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There may never be a perfect time to talk about sexually transmitted diseases, but April, being Sexually Transmitted Disease Awareness Month, is at least the next best thing to perfect: State health officials are encouraging people to talk about risks, get tested and to get treated.

That's because many STDs are easily treatable, but only if a patient knows they have the infection, according to Cindy Marucci-Bosley, the head of nursing at Carroll County Health Department. Symptoms are not always obvious, she said, and may not be present at all with infections such as chlamydia.

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"The big problem with chlamydia is that overwhelmingly, particularly with women, most people are completely asymptomatic," Marucci-Bosley said. "They can have chlamydia for a long time and not know it, and all that while, it can be causing fallopian tube damage, which can lead to infertility."

Gonorrhea, and syphilis are two other STDs that can be treated with antibiotics, according to Marucci-Bosley. They are also, along with chlamydia, increasingly common in Carroll.

"Our numbers in Carroll County are going up. From year to year, we do end up with more chlamydia or gonorrhea, and this year in particular, our syphilis numbers have gone up," Marucci-Bosley said.

In calendar year 2014, the Health Department recorded 278 cases of chlamydia, and in 2015, there were 329 cases, according to statistics provided by Marucci-Bosley. Gonorrhea cases went from 27 in 2014 to 32 in 2015 and syphilis cases went from five cases to eight, which despite the small numbers is still a 60 percent increase.

"It's not Baltimore City, but we are going up," Marucci-Bosley said.

Then there are viral diseases for which there are no cure, human papillomavirus [or HPV] herpes and HIV, according to Marucci-Bosley, the latter of which is still nothing to sneeze at, even though HIV — thanks to new treatments — can no be managed as a chronic disease.

"Anybody with HIV will tell you that you certainly don't want to have it," she said.

When it comes to STD's, complacency is the enemy, Marucci-Bosley said, and one should never assume that living in a particular place or the morals of a potential partner will protect them.

"The reality is that a lot of people that have it and are passing it on don't even know that they have it," she said. "Yes this is Carroll County, but we still do have STIs [sexually transmitted infections], and our borders are open and people travel back and forth to different places in the state and different places out of state; people need to make very good sexual health decisions."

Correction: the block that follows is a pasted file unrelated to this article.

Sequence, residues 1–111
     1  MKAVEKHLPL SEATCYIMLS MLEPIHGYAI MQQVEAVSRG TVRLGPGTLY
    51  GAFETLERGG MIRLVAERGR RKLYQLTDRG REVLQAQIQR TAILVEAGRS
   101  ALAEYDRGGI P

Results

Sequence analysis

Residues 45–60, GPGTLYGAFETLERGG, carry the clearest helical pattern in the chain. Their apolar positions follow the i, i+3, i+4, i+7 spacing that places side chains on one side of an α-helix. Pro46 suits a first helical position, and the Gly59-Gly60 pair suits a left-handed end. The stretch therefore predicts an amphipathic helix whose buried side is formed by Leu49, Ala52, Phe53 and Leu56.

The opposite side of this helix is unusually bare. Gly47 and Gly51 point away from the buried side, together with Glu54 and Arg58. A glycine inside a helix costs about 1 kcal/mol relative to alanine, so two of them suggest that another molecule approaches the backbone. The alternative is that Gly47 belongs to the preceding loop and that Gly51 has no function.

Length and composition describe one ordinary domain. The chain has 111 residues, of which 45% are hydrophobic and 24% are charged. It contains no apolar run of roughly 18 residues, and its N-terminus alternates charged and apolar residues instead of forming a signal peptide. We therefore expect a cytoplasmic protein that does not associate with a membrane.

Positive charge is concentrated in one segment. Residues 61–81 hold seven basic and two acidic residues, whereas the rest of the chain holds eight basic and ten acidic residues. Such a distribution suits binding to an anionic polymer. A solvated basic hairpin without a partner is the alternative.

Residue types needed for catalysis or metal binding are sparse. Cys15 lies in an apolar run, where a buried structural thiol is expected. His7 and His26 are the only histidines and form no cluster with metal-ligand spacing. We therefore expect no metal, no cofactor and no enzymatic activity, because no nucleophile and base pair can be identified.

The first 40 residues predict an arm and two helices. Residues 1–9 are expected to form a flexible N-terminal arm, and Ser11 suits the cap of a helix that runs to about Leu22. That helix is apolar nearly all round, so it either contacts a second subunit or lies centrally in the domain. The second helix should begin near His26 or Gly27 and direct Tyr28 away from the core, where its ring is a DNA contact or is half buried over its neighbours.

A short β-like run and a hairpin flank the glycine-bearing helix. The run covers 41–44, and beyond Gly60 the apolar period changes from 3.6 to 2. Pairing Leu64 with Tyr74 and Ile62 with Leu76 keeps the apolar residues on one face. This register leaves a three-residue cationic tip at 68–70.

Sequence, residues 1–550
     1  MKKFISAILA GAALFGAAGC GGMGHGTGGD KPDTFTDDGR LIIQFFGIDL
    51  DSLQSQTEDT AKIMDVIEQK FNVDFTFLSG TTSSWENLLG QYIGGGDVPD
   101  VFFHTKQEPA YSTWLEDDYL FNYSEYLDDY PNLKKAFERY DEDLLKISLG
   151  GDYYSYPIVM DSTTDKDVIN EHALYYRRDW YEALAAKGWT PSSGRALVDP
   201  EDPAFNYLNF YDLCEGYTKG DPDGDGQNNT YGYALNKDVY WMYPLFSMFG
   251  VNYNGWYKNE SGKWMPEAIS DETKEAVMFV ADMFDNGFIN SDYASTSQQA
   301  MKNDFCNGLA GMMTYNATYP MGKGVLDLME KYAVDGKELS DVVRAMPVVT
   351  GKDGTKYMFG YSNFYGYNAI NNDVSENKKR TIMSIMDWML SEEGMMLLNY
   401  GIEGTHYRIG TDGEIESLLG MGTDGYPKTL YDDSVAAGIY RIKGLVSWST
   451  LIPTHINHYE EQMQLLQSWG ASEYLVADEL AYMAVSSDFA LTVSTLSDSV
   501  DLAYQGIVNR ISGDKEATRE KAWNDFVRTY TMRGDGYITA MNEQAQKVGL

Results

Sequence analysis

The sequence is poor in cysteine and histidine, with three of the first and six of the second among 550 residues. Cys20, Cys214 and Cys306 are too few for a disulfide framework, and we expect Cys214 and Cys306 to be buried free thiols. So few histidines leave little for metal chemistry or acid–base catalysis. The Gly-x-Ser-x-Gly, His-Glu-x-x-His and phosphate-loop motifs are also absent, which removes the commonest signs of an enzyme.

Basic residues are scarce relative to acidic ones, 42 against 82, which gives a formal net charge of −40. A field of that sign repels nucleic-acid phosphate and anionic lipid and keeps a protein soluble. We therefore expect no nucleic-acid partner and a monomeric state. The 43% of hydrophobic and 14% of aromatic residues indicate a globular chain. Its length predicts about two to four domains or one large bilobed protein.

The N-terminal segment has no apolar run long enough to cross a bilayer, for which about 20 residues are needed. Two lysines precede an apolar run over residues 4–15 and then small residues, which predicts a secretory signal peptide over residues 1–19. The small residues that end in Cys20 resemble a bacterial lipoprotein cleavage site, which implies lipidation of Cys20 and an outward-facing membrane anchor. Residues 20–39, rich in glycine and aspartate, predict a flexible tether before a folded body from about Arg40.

Good sexual health decisions begin with using latex or polyurethane condoms consistently and correctly when sexually active outside of a monogamous relationship. They are available at the Health Department, according to Marucci-Bosley.

"We actually do have 'three for free,' there are condoms that are packaged in little unmarked envelopes and are sitting out in our lobby and anyone can take those and any time, no questions asked," she said. "There is an instruction sheet inside there. They don't even have to have face time with someone."

After condom use, the next component of good sexual health is talking about risk with partners, getting tested and then treated if necessary, especially when embarking on a new, monogamous relationship, according to Marucci-Bosley. Testing can be obtained through a primary care physician or through the Health Department's reproductive health services.

"I do have young couples coming in here to get tested together. They are getting ready to start a relationship and they come in to get tested. I think that's awesome," Marucci-Bosley said. "Young men come in and say, 'Well, you know, I'm starting a relationship and I want to make sure everything is OK,' and I'm like, 'Good for you dude! That's awesome.'"

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Carroll County Health Department Head of Nursing Cindy Marucci-Bosley recommends the Centers for Disease Control and Prevention website as a source for instructions for proper condom use available at: www.cdc.gov/condomeffectiveness/male-condom-use.html.

For more information or to make an appointment the Health Department's reproductive health services, call 410-876-4930.

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